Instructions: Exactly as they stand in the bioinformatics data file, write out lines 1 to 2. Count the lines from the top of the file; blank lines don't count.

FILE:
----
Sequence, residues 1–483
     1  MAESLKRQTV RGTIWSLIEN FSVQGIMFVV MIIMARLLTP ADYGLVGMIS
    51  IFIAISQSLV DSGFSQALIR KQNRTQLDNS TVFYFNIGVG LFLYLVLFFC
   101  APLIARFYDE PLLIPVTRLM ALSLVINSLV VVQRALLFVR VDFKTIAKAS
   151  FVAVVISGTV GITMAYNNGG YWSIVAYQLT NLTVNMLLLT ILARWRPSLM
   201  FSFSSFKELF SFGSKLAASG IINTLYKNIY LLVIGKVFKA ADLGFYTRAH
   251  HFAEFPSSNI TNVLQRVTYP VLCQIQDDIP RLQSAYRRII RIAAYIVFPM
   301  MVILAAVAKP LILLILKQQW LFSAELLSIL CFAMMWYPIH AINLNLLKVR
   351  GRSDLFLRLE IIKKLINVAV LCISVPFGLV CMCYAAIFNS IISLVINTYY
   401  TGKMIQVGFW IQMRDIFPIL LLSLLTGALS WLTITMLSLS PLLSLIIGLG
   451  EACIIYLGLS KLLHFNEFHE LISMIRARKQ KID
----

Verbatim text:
Sequence, residues 1–483
     1  MAESLKRQTV RGTIWSLIEN FSVQGIMFVV MIIMARLLTP ADYGLVGMIS